MPs approve Gisela Stuart for civil service commissioner role despite ‘reservations’

PACAC members raised concerns about her suitability for the role and her “perceived impartiality”
Baroness Gisela Stuart

By Tevye Markson

07 Feb 2022

MPs have approved Gisela Stuart’s appointment as the new civil service watchdog despite raising concerns about her suitability for the role.

The Public Administration and Constitutional Affairs Committee published its decision to approve her appointment to the role today.

The committe said it endorsed Baroness Stuart’s appointment “on the basis of her answers to the questions put to her” at PACAC last week and wished her well in the new role.

Members were not unanimous in approving her appointment, however.

“Whilst the majority of the committee members were content to endorse Baroness Stuart’s appointment as first civil service commissioner, reservations were expressed about her suitability for the role and, in particular, her perceived impartiality," the committee said.

Concerns have been raised about her impartiality since her status as the preferred candidate was announced in December.

 At the time, Institute for Government programme director Alex Thomas argued Stuart’s status as an “ally or ideological fellow-traveller” of prime minister Boris Johnson called her impartiality into question and made her look like “the wrong appointment”.

Along with giving Stuart’s appointment the go-ahead, MPs also criticised the time it took to recruit a successor to Ian Watmore, who held the role until October.

"As we have come to expect of the Cabinet Office, the appointment process was ongoing at the time the incumbent Ian Watmore’s five-year term which was due to end on 1 October,” the committee said.

“As the Constitutional Reform and Governance Act prohibits reappointment or extensions to the first civil service commissioner’s term, one of the commissioners, Rosie Glazebrook, has been serving as interim first civil service commissioner since then.”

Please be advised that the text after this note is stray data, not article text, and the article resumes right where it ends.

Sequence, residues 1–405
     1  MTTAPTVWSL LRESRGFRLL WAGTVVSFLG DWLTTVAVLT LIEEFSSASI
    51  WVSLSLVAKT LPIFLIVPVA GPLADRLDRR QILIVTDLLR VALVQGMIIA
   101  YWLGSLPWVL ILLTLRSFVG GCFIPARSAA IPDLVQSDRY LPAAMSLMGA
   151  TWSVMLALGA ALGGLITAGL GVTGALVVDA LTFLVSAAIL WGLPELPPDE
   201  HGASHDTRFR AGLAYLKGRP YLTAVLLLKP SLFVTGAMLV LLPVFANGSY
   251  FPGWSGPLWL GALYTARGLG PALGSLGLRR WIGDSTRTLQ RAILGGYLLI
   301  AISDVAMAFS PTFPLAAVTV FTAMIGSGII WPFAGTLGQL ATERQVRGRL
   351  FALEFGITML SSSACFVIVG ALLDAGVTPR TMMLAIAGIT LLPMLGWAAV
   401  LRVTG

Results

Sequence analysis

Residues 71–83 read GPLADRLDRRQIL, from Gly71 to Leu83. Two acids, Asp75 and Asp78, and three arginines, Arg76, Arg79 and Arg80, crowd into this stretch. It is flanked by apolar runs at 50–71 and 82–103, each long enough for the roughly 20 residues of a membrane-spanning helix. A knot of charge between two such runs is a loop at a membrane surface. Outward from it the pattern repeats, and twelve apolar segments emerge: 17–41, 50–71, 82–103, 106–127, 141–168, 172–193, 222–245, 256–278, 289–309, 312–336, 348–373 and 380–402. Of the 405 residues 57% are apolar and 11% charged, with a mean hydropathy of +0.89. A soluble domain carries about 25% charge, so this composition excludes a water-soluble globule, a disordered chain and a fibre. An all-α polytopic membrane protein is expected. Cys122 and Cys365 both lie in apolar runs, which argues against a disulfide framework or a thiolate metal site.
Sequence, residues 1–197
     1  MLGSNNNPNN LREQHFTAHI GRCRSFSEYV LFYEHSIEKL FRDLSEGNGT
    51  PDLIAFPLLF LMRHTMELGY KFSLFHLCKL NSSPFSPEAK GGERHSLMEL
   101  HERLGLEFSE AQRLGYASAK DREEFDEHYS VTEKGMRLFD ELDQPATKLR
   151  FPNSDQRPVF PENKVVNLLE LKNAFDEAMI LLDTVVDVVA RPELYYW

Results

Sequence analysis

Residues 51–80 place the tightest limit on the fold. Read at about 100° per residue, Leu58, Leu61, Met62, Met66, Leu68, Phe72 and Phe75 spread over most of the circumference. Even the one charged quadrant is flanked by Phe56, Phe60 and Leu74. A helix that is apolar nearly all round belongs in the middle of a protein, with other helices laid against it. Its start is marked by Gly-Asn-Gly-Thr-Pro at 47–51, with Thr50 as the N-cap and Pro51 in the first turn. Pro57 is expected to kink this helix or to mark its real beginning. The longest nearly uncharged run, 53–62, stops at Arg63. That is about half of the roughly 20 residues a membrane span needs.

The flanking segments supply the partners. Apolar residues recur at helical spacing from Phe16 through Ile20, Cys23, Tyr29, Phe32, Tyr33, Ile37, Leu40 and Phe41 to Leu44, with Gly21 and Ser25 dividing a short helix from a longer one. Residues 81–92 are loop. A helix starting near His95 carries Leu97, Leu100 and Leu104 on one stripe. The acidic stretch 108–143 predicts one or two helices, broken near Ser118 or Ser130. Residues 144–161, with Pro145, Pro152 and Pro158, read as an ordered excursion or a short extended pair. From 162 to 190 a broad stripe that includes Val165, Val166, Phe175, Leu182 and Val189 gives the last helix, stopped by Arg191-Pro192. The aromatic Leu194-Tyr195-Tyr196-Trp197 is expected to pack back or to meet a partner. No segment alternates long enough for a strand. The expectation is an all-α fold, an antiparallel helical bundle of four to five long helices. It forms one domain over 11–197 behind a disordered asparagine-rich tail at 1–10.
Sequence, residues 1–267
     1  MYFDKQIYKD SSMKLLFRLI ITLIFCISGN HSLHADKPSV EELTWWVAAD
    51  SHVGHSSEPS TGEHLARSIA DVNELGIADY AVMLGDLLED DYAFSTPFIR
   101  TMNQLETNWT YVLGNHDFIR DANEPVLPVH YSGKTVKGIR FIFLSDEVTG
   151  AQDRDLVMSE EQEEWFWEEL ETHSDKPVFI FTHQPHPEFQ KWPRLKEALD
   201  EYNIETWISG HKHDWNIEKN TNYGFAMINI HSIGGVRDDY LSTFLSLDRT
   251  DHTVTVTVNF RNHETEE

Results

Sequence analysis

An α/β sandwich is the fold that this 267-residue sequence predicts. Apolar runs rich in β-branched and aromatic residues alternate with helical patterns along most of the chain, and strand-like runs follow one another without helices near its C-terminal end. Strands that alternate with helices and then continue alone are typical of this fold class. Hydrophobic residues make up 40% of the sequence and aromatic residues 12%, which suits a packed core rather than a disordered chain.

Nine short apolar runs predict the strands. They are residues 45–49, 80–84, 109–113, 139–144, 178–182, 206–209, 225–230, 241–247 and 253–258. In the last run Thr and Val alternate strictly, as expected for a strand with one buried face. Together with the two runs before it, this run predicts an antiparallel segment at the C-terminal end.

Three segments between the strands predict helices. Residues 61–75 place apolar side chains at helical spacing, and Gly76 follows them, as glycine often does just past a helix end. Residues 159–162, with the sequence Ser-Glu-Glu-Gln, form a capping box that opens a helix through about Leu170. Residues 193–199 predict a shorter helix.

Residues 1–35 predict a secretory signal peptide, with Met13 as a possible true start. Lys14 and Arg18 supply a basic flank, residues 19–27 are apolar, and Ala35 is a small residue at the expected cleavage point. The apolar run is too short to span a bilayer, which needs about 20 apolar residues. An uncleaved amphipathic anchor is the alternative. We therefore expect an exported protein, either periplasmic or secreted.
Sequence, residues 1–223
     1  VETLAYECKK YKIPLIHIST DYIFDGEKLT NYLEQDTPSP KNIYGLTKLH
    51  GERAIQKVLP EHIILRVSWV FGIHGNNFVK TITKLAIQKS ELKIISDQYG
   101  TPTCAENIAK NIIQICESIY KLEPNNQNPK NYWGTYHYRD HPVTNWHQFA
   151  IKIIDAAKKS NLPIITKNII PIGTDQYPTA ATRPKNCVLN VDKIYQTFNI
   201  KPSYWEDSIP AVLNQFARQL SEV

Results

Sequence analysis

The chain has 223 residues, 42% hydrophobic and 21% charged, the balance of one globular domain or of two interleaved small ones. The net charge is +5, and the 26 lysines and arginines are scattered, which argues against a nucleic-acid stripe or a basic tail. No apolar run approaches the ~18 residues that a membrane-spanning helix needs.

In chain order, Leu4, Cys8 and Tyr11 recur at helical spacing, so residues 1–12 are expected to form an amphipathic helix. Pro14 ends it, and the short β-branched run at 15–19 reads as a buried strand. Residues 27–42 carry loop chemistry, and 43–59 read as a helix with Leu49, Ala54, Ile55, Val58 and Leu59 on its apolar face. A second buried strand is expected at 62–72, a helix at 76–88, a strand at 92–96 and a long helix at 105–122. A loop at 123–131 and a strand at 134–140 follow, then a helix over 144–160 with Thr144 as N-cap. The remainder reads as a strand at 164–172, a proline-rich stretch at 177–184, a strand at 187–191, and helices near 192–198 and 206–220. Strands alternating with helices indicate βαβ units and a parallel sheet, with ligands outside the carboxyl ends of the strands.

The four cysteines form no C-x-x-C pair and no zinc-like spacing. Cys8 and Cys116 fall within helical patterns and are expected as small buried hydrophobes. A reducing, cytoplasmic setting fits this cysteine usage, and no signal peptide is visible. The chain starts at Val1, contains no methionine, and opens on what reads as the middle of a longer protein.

Five candidates were interviewed for the role, two of which were considered appointable by the panel and passed to the prime minister for the final selection.

The report included diversity data for the 18 applications received for the role. Applicants were:

  • 71% male and 29% female
  • 59% white and 42% from an ethnic minority background
  • 76% non-disabled and 24% disabled

Asked about impartiality at the PACAC pre-appointment hearing, Stuart said the civil service tradition was important and last year’s Declaration on Government Reform had seen Johnson and cabinet secretary Simon Case reiterating their support for it.

But she cautioned that impartiality could not be viewed in isolation and was not the only important attribute for civil servants.

“Impartiality also has to be underpinned by skills and ability to do the job,” she said. “And therefore I think the recruitment principles are something where you may want to revisit, in terms of whether it still embraces the principles required from the civil service. But I don’t in any sense undermine the impartiality.”

The former Labour MP and Vote Leave chair– who now sits as a crossbench peer in the House of Lords – said she believed the civil service needs to reorient itself towards the needs of the future and improve its offer to the next generation of leaders.

Stuart will become the first politician in more than 100 years to take on the role. She said it was “becoming clearer” that while the first civil service commissioner should be someone who understood the civil service, “it’s increasingly felt they probably shouldn’t be someone who comes from the civil service”.

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